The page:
Treasury Seeks Stakeholder Input on Inflation Reduction Act Energy Tax Provisions
President Biden signed the Inflation Reduction Act of 2022 (IRA) (Pub. L. 117-169) into law on August 16, 2022 after clearing both the Senate and the House on party-line votes. The IRA includes a number of tax, energy, environment, and healthcare priorities for Democrats and is the result of months of negotiation among Democrats in Congress, prominently Sen. Joe Manchin (D-WV) and Sen. Kyrsten Sinema (D-AZ), and President Biden. Among its various provisions, the IRA provides roughly $369 billion to transition energy production to cleaner sources, increase energy efficiency, reduce carbon emissions, and support innovations in next-generation clean energy technology.
President Biden’s signing of the IRA marks only the first step in what is expected to be a long process to implement its provisions. Immediately after the IRA became law, the Treasury Department began the regulatory process of implementing the law, such as releasing public guidance on the changes to the electric vehicle (EV) tax credit under IRC Section 30D.
On October 5, Treasury announced plans to solicit public comment on how best to implement the IRA’s clean energy tax incentives. The announcement included six requests for information (RFIs) on the following topics:
- Energy Generation Incentives, including renewable energy production and investment tax credits in IRC Sections 45, 45U, 45Y, 48, and 48E;
- Credit Enhancements, including the prevailing wage, apprenticeship, domestic content, and energy community requirements for increased or bonus credit (or deduction) amounts under IRC Sections 30C, 45, 45L, 45Q, 45U, 45V, 45Y, 45Z, 48, 48C, 48E, and 179D;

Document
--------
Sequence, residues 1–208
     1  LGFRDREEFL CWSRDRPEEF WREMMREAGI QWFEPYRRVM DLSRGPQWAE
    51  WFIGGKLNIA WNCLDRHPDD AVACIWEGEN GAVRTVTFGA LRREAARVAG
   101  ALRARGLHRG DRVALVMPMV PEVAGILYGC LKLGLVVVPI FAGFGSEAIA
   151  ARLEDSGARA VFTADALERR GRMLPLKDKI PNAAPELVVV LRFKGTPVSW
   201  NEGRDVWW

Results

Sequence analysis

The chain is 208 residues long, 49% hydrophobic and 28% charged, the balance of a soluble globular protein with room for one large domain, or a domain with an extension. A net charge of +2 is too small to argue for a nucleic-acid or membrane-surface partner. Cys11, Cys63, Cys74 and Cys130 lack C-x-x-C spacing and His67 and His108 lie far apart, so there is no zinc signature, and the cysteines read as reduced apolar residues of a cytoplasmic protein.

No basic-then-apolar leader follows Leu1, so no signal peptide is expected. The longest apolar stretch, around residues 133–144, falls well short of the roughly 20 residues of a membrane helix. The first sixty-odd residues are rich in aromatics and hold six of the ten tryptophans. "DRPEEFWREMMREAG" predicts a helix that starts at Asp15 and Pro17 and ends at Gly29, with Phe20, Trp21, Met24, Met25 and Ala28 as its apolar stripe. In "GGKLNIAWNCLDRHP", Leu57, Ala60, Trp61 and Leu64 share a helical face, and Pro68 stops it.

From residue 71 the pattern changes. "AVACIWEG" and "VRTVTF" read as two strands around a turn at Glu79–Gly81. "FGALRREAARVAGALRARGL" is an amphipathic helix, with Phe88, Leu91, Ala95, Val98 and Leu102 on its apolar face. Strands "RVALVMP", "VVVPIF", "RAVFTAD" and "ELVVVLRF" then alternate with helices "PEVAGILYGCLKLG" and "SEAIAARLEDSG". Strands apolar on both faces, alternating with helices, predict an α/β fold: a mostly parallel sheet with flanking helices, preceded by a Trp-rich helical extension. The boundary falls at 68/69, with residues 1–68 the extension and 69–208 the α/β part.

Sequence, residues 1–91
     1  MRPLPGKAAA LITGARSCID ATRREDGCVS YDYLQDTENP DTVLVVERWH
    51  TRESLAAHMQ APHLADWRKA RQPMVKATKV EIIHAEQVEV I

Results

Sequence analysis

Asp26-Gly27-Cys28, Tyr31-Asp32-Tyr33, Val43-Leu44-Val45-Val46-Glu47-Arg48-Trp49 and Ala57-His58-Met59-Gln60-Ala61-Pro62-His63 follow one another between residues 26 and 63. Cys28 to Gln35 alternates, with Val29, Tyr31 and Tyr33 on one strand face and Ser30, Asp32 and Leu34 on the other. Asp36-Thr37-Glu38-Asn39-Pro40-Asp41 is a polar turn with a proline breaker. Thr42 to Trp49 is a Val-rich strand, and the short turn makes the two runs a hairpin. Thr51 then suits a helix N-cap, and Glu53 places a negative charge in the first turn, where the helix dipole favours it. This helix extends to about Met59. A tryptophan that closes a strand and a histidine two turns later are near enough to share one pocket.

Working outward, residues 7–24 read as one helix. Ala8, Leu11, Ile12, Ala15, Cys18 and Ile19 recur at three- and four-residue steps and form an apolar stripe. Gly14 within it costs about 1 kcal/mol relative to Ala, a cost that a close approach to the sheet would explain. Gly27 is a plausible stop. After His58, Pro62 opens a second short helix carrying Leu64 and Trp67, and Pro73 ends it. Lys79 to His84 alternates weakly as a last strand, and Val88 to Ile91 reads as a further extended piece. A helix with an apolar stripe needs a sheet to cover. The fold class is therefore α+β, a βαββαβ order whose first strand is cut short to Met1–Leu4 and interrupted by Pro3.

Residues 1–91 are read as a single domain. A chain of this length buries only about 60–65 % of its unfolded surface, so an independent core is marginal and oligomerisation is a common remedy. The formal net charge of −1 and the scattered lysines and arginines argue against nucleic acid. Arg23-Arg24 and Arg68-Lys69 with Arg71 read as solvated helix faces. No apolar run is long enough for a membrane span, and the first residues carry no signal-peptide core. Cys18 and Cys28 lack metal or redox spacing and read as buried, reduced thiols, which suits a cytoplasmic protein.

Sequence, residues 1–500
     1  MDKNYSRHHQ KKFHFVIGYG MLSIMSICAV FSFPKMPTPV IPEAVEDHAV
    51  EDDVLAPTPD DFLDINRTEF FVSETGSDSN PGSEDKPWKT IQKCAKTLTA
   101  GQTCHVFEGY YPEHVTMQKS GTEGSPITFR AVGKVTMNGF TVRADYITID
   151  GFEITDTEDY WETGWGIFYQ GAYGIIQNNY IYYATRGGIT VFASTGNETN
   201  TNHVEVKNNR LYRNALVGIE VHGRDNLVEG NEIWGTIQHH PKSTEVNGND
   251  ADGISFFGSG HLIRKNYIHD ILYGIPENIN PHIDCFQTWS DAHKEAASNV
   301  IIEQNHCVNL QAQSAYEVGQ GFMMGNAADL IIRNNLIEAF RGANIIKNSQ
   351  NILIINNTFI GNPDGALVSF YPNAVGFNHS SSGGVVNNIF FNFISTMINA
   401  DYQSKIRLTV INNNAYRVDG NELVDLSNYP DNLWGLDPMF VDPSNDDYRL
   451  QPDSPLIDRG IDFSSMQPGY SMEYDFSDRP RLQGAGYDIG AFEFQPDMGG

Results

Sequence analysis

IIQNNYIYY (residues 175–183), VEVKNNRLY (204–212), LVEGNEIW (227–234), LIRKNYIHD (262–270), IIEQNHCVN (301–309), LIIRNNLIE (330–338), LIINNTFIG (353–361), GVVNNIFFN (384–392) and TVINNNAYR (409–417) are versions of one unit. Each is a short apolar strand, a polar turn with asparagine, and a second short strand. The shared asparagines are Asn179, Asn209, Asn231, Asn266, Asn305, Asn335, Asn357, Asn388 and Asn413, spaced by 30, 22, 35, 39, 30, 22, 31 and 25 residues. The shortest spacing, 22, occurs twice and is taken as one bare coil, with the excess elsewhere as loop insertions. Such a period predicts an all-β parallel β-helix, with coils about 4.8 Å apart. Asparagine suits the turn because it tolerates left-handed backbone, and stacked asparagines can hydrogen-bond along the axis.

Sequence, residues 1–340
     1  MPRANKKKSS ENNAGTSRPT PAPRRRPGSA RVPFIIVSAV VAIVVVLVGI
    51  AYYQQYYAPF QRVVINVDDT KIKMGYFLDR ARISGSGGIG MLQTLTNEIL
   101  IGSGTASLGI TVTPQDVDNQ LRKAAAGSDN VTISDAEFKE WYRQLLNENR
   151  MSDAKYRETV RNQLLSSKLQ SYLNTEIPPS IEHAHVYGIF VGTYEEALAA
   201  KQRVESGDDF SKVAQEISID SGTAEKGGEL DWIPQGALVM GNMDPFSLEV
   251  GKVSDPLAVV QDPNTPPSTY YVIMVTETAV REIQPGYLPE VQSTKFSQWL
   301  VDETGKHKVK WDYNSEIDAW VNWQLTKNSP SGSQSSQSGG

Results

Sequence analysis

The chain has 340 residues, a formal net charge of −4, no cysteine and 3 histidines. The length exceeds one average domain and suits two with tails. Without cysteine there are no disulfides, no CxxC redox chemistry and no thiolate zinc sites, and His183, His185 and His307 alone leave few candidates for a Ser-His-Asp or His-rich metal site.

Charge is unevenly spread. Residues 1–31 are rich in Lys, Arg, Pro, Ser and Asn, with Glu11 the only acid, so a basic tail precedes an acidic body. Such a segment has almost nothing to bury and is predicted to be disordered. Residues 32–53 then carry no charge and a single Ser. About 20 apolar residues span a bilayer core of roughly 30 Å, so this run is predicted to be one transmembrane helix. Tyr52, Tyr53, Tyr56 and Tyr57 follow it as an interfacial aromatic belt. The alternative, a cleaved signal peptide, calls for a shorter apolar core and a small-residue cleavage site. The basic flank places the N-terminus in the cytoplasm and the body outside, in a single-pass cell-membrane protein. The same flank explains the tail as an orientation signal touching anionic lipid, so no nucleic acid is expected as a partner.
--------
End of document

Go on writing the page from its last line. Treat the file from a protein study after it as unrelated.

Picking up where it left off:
- Incentives for Energy Efficiency in Homes and Buildings, including the Energy Efficient Home Improvement Credit, Residential Clean Energy Credit, New Energy Efficient Home Credit, and Energy Efficient Commercial Building Deduction in IRC Sections 25C, 25D, 45L, and 179D;
- Incentives for the Purchase of New and Previously Owned EVs, in IRC Sections 30D and 25E;
- Manufacturing Credits; including the Advanced Manufacturing Production Credit under IRC Section 45X and the Qualifying Advanced Energy Project Credit under IRC Section 48C; and
- Credit Monetization, The elective payment and transferability options provided under the IRA as IRC Section 6418.
The announcement from Treasury urges that comments be submitted “as soon as possible, ideally by November 4, 2022.” The White House Council on Environmental Quality (CEQ) also organized a briefing on October 6 to outline the process Treasury will follow in formulating guidance to implement the clean energy tax provisions. CEQ also indicated that Treasury will continue stakeholder engagement on a rolling basis and that, when Treasury issues proposed regulations on any of the IRA’s climate and clean energy tax provisions, it will solicit public comments before finalizing a rule.
Of note, energy provisions with a less pressing effective date, such as certain of the “technology neutral” incentives, e.g., IRA Section 13704, are not included in Treasury’s initial set of RFIs. Treasury is likely to undertake a rulemaking effort under those provisions next year, as the statute only requires guidance to be issued by January 1, 2025.
With Treasury releasing RFIs less than two months after the IRA being signed into law, and seeking comments within 30 days, it is clear the Biden Administration hopes to provide guidance to taxpayers as close to the effective dates of the clean energy provisions as possible. Stakeholders who participate in the comment period have a unique opportunity to shape the implementation of tax incentives that may influence the next decade or more of clean energy development by providing input to Treasury under this RFI process.
© Arnold & Porter Kaye Scholer LLP 2022 All Rights Reserved. This Advisory is intended to be a general summary of the law and does not constitute legal advice. You should consult with counsel to determine applicable legal requirements in a specific fact situation.